A lot of this book is based around how to get off your arse and get started which I don’t often have a problem with, but I’ve pulled ideas out that I’ll come back to in the future and if you find yourself struggling creatively it might help.
Man’s Search for Meaning (Viktor Frankl)
So I read a lot through an app on my phone. The particular app I have been using (Kobo) has this terrible bug where every so often it resets and you lose everything: all your books, the saved progress section and worst of all the saved notes. As I read I highlight sections and put notes to myself so I can quickly refresh what a book or section was about. Anyway, my damned app reset just after I read this book and all my meaningful quotes and notes are kaput.
That said, here’s a couple of takeaways. Frankl lived through WWII in Auschwitz, and through that experience formulated a strong personal theory on what gives humans meaning. There’s three aspects (creating something, experiencing something and the attitude we take towards what happens to us). He goes on to say that the third is probably the most important as its something no-one else can take away from us. This vaguely ties in with some of the readings I’ve been doing on Stoicism (thanks Seneca).
Some of his stories about Auschwitz resonated heavily with Behrouz Boochani’s book (No Friend But The Mountain), which I read last year. Some devastatingly interesting parallels arise, with Frankl talking about how the concentration camps were designed to break human spirit: names are stripped away and all prisoners are given numbers, something which happened also on Manus Island. Boochani’s book dwells on a ‘kyriarchal system’ used on Manus to oppress and dehumanise prisoners, I wonder if anyone has done a comparison with Frankl’s work?
The second half of the book is a dive into Frankl’s ideas on Psychotherapy (which he formalizes as ‘Logotherapy). I took scattered ideas from it, but I feel like some of it had aged poorly (for a book on the workings of the mind written some seventy years ago that’s fine right?). Also my notes have all disappeared and it’s a dense read, will try and tackle again some day.
Home Fire (Kamila Shamsie)
I was told I had to read this by my partner. Something to do with connections with my own life. Vague connections include a Pakistani-born family, religious connections reverberating through a lifetime and a childhood displaced by families uprooted and thrown to the other side of the world.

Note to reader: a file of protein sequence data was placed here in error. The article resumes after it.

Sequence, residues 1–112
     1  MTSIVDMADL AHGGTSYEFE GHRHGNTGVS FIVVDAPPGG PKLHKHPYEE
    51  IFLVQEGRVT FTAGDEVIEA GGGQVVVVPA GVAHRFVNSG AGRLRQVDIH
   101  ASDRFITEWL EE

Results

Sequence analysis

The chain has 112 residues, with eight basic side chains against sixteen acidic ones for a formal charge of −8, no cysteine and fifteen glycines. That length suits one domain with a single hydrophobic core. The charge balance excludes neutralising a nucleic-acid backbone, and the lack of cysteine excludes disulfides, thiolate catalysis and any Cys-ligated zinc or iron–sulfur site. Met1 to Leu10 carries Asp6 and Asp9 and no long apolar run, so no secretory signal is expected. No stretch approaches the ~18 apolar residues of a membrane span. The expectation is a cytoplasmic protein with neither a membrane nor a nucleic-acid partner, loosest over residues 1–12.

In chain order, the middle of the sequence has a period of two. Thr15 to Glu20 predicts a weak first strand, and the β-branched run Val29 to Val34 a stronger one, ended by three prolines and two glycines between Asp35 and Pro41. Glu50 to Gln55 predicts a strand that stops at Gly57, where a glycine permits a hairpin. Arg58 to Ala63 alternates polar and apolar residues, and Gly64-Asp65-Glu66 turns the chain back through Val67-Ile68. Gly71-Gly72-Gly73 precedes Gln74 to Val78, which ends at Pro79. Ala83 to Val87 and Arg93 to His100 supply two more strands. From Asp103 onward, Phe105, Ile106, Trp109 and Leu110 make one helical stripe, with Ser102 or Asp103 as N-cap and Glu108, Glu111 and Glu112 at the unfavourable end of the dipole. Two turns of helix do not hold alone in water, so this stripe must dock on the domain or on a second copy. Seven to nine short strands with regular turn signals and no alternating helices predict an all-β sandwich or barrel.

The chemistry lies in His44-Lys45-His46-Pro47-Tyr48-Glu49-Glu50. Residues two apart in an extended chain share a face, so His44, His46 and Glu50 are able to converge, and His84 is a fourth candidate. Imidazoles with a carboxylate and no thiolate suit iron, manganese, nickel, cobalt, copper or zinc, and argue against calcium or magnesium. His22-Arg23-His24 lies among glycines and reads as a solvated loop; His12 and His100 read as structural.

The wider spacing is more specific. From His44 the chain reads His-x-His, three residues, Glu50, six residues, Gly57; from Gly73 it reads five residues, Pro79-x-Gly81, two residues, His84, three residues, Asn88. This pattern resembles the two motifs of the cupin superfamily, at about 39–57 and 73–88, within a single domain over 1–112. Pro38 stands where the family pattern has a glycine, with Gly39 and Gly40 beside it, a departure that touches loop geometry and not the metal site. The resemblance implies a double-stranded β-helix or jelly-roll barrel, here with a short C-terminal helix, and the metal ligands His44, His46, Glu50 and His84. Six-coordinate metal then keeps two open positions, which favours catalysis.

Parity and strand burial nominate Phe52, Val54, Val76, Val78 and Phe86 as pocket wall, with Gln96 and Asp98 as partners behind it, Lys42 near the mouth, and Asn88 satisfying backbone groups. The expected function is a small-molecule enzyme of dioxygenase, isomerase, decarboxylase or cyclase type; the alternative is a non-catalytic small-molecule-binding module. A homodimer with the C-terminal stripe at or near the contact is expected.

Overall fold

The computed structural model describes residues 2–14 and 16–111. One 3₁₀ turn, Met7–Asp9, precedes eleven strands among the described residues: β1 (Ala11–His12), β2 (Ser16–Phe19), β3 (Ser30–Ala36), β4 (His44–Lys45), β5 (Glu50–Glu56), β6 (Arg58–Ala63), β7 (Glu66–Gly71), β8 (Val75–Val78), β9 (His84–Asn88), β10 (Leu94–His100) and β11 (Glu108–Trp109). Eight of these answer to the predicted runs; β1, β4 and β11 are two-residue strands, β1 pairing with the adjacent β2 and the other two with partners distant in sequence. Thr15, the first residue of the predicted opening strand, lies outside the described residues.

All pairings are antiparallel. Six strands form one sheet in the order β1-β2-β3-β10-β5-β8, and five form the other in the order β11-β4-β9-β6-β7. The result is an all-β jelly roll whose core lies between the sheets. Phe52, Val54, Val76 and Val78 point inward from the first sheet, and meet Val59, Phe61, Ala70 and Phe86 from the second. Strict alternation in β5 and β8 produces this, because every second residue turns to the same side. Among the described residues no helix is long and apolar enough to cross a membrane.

I really don’t want to spoil the plot or indeed the journey of reading it, so here’s my immediate scribbled thoughts from when I finished reading it:
“Gaaah. this is incredible. beautiful writing, an incredible plot line. twists and turns and genuinely one of the best endings to a story I’ve ever read. heartbreaking moments, some beautiful back story and a seamless arc. unexpected.”
And thus ends book club for the week. Nah seriously though, I’ll try to occasionally do a post like this. Interested to see if anyone else is reading the same books I’m reading. Interested to see if you’ve got book suggestions for me. The other books I read this month (and it’s a super eclectic mix) are: The Mars Room (Rachel Kushner) [very good], The Master and Margarita (Mikhail Bulgakov) [wild but quite long, Russian fiction from the 1930s], The Planet on the Table (Kim Stanley Robinson) [some strong moments, I loved sci-fi as a child but am finding it harder to dive into these days], How To Be Good (Nick Hornby) [not as good as A Long Way Down, but still enjoyable, the ending disappoints], A Man of Two Worlds (Frank/Brian Herbert) [expected more from the author of Dune, but my assumption is Frank’s son Brian did most of the writing and it shows] and About Grace (Anthony Doerr) [author of All The Light We Cannot See, this is his first novel and the sheer volume of research he puts into his character’s backstories is inspiring]. I’m almost done with Creativity Inc, [the book by the guy who started Pixar] and I’ve just started Extreme Ownership, [a book about the US Navy SEALS which I’m finding problematic, BUT the lessons are probably still valid].
I promise I don’t normally read this much. I made a remark to a friend yesterday that I don’t allow myself to read when I’ve got other important stuff to do (booking gigs, practice, teaching etc) because I devote 100% of my time to the book until its completely finished. There was a three year period at uni where I basically didn’t read fiction because I knew I had a degree to complete. It’s a problem, but a good one to have I guess?
I’m going to have a lot less time to read over the next couple of months. I’ve got a tour to announce (this week), a video to release (also this week), and a bunch of shows to play.